And of course the, now fading, Close Encounters phenomenon, where people came for the UFOs, and mashed potatoes were common in local restaurants (you have to see the film…).
Sideshows come, and sideshows go, but the inspirational, stoic monument that is Devils Tower remains.
6. Muir Woods National Monument
Mill Valley, California
Shortly after Theodore Roosevelt protected Devils Tower with national monument status, he protected Muir Woods.
Muir Woods is part of Golden Gate National Recreation Area — a small, quiet, unexpected part.
Most people don’t expect to be able to walk into a dense, lush, green, shady, quiet grove of redwood trees just minutes after crossing the Golden Gate bridge northbound, but that’s what makes Muir Woods such a beloved spot for so many.
While people may flock to Golden Gate’s beaches, especially during the summer, Muir Woods doesn’t get beach crowds. In winter, it can be downright quiet.
If you’re going to name a park after John Muir, it better be something that he would appreciate. Muir Woods is a case study in preservation — protecting an amazing resource incredibly close to the threats posed by urban development. He’d be thrilled.
7. Martin Luther King Jr. Memorial
The Martin Luther King Jr. Memorial is one of 14 individual NPS units that make up the National Mall and Memorial Parks and is certainly one of the most moving, due to the relevance to its site.
The sculpture faces across the mall to the Lincoln Memorial — the very site where Dr. King delivered his “I Have a Dream” speech.
Dr. King’s legacy was more than one, speech, however. You can visit the nearby bookstore and read more of his work, as well as books about Dr. King and his role in shaping the evolution of civil rights in America.
And if you’re inspired to learn more about Dr. King, perhaps you’ll consider a visit to the Martin Luther King, Jr. National Historical Park in Georgia to see where he was born, his church, the King Center, and his final resting place.
8. Canyon De Chelly National Monument
If you’ve been to a national park site, you may have heard one of the rangers say something like “this is your park, it’s owned by all Americans.”
This is one that’s not.
This park is owned by the Navajo Nation and is managed cooperatively. A few Navajo families still live, raise livestock, and farm in the park. Travel in many areas is restricted, so read the signs and follow the rules.
Yes, you can go on a hike with a ranger, but here, for the most memorable experience, I recommend going on a canyon tour with a Navajo guide. It’s a truly authentic, welcoming experience you’ll remember forever.
9. Gulf Islands National Seashore
Florida And Mississippi
Most people won’t see all that this park has to offer, but that’s ok.
Most people will be making the trip for the beaches — and why not? Beautiful white sand, perfect warm water. What’s not to love?
To see the islands, you’re going to need a boat, so that rules out most people. And camping on an island? Unforgettable.
Most people won’t bother to visit the many historic forts and coastal defense facilities or learn about the Civil War battles.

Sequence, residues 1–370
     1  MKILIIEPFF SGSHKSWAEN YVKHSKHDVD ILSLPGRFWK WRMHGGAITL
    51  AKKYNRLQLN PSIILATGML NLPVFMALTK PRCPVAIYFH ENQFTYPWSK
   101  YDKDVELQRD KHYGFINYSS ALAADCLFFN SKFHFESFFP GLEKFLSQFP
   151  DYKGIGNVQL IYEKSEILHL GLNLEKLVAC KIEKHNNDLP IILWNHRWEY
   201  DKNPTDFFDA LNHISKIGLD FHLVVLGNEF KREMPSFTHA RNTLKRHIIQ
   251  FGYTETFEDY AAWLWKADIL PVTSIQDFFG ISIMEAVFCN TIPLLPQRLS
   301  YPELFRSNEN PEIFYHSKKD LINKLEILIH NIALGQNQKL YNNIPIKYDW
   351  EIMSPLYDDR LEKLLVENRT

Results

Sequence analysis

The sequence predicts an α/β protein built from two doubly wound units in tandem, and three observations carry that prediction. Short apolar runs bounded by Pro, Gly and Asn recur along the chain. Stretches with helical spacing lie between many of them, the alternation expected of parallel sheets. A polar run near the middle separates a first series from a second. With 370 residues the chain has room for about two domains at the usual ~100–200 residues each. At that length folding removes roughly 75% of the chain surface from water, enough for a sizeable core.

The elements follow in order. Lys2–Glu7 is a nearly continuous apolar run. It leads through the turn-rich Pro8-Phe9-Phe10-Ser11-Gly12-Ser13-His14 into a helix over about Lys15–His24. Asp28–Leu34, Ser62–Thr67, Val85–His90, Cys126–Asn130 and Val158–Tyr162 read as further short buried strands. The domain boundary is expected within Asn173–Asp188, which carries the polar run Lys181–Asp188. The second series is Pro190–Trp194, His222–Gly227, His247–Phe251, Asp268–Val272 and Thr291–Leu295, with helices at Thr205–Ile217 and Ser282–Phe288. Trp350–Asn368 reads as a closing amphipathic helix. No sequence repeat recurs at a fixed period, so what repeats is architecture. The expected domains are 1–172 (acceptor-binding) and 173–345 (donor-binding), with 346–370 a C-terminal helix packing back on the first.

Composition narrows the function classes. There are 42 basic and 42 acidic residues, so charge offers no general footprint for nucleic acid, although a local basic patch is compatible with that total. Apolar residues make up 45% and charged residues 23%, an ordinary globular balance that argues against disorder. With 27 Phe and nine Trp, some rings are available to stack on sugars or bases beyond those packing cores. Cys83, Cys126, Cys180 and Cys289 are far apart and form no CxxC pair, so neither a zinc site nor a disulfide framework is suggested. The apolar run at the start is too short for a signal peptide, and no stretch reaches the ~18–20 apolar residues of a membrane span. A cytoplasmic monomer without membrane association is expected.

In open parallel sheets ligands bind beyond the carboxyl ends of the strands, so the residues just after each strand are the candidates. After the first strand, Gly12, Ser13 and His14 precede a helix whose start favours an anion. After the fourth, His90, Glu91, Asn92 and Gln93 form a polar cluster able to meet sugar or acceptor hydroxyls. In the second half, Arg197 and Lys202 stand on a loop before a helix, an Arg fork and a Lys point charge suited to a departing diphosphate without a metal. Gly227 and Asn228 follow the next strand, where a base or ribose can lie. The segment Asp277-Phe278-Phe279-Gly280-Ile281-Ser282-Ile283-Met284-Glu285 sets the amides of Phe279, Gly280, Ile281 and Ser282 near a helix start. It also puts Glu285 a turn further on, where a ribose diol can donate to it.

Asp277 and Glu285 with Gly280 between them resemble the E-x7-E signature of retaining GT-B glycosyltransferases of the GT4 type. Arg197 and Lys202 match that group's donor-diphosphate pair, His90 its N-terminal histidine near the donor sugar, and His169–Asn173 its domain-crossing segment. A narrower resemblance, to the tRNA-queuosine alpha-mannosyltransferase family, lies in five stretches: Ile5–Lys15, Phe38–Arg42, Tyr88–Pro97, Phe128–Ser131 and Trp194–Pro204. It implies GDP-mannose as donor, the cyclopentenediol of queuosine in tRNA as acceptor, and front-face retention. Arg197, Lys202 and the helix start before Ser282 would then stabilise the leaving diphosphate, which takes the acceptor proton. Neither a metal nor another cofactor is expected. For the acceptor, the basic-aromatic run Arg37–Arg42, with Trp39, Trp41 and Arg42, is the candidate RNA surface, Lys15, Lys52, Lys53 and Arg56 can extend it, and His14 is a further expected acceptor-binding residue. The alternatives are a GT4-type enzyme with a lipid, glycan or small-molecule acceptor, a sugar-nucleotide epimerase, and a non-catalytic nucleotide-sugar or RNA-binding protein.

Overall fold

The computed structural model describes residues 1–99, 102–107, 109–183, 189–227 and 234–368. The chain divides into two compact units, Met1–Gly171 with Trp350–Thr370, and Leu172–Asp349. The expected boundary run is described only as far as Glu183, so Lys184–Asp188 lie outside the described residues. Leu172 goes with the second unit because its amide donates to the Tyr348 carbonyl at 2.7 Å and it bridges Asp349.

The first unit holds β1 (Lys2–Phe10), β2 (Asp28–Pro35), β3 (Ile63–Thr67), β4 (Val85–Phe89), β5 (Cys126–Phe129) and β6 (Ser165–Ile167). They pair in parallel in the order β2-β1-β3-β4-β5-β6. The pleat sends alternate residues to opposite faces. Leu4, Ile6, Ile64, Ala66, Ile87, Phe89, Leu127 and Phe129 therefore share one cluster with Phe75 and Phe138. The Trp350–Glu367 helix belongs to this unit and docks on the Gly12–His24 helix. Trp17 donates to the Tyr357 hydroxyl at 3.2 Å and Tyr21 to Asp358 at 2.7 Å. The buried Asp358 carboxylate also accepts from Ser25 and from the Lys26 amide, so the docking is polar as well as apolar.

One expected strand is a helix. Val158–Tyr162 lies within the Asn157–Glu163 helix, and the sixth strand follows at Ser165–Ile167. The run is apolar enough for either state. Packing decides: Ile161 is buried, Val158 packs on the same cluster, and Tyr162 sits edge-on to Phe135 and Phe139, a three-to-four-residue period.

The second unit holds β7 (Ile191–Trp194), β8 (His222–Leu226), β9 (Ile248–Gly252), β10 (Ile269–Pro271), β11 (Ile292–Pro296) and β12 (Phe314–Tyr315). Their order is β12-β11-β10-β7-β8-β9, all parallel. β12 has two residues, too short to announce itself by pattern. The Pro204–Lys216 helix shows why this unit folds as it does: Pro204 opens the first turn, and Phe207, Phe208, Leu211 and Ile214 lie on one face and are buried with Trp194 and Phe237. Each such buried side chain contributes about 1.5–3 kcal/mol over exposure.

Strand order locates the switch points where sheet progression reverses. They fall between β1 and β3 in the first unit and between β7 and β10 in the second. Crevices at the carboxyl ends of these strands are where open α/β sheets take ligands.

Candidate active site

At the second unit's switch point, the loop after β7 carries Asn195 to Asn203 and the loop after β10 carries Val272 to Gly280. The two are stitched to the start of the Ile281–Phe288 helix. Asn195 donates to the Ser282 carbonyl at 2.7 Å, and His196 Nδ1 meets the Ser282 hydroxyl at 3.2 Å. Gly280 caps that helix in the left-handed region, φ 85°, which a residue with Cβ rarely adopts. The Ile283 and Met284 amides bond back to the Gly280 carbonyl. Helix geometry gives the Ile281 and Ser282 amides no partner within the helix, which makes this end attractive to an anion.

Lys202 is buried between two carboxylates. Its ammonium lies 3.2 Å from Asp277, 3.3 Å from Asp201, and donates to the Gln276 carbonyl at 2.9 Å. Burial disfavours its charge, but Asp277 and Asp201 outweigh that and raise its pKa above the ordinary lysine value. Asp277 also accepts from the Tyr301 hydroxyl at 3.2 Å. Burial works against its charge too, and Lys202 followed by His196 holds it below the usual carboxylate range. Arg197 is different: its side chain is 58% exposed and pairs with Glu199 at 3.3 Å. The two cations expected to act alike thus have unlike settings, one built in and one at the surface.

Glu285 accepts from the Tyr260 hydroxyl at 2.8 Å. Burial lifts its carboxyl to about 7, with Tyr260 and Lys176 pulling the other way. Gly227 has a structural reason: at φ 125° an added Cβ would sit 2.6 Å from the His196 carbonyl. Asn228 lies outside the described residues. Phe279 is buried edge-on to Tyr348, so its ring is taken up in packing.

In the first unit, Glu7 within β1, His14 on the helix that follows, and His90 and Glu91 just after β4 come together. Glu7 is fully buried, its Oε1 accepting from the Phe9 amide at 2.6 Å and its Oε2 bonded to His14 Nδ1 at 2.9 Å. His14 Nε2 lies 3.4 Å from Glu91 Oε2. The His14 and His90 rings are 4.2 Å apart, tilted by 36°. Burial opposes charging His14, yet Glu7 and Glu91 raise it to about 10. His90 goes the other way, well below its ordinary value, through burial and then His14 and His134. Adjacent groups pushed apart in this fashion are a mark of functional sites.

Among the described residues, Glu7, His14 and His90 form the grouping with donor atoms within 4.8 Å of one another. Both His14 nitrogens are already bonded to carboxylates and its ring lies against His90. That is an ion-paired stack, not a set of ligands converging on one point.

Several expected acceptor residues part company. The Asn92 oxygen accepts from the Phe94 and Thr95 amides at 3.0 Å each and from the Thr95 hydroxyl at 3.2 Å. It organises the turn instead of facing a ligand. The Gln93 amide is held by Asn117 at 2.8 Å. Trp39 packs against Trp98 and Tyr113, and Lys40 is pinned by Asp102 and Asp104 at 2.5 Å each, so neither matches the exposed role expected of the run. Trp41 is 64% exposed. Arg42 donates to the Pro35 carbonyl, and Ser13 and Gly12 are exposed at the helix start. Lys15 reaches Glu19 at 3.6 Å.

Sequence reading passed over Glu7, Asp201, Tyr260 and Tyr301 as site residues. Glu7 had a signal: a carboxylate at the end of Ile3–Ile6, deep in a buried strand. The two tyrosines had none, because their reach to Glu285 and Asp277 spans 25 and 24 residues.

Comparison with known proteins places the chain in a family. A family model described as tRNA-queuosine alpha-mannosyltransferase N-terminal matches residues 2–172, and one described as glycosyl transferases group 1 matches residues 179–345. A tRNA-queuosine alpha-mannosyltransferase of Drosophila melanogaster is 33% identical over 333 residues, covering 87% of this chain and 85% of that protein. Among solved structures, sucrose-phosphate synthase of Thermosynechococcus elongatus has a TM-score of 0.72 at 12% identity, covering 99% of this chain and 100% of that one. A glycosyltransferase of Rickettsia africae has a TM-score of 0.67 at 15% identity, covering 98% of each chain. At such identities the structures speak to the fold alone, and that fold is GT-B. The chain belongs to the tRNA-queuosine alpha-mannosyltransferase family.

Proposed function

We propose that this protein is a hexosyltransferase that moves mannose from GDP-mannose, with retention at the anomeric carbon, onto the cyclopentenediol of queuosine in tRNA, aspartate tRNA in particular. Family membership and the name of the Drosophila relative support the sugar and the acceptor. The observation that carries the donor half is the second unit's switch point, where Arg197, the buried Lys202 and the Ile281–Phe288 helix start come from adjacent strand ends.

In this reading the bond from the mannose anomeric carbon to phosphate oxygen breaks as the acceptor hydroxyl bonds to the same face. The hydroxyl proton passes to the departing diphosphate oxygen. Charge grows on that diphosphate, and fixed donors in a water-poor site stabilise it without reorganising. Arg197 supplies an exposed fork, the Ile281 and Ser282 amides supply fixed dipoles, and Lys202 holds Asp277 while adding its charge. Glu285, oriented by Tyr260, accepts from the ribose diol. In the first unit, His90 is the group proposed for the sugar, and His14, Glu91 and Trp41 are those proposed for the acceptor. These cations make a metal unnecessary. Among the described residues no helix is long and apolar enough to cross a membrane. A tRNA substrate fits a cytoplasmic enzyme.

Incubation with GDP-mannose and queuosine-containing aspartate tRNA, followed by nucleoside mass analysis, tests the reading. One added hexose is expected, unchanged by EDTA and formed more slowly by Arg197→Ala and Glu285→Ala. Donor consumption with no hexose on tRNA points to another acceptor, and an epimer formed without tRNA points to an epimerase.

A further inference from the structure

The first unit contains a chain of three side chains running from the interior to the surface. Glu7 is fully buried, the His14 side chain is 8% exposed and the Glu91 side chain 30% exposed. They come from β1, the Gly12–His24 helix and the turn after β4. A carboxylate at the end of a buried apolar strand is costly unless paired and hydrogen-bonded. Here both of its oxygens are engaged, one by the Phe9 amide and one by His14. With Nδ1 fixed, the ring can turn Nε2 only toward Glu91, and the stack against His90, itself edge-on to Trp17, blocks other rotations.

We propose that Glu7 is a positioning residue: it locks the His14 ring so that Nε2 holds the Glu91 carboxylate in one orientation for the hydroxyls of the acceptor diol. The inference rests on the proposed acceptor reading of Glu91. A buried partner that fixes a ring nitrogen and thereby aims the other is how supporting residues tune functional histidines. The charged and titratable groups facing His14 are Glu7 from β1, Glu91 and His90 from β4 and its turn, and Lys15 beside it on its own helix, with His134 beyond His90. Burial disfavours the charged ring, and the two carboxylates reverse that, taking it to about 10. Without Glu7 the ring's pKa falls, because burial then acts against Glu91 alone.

One can love Gulf Islands National Seashore just by visiting for a day at the beach. But the park is more than just a pretty place, and the more you explore, the more you’ll find to love.
10. Dinosaur National Monument
Colorado And Utah
Dinosaur National Monument is a surprise for many visitors.
They expect to find fossils. Plenty of them. And they are not disappointed.
The rebuilt Quarry Exhibit Hall lets you get up close and personal with 1,500 actual dinosaur bones. So no surprises here.
The surprise comes with the rest of the park — a vast expanse of canyon country, and a river runs through it.
While the visitor center is easy to access, the rest of the park can be a bit of a challenge.
This challenge tends to keep away the throngs of people who visit other canyon parks and is probably the reason the park is so well-loved by its loyal devotees.
The park can be appreciated by rafting the Green River or by watching those on a rafting adventure from above (take a hike for a bit on the Harpers Corner Trail, look down).
Yes, fossils are plentiful, as are petroglyphs and wildlife. What you won’t find is congestion.
11. Klondike Gold Rush National Historical Park
The story of the Klondike gold rush is the story of how far people were willing to go in pursuit of yellow metal — the stuff dreams are made of.
The gold wasn’t in the U.S. It was in the Canadian Yukon. Skagway was the port city gateway to the Yukon.
Prospective prospectors would start in San Francisco and head north. Their port of departure for Alaska was Seattle. The park has a small visitor center in Seattle for those not willing to make the trip farther.
Should you make it to Skagway, you’ll find a charming restored old town that recreates the hustle and bustle of the time.
From Skagway, prospectors crossed the Boundary Range, then it was on to Whitehorse, the only city in Yukon. Canada.
It’s an amazing international journey, and can’t be told at one site alone. Or in one country.
That’s why the park, along with Canada’s Chilkoot Trail National Historic site, and a few other Canadian sites, have combined to form the Klondike Gold Rush International Historical Park.
If it seems like a lot of traveling just to take it all in, just imagine traveling it in the 1890s.
At least today, if you’re willing to make the journey, your reward (an unforgettable experience) is guaranteed.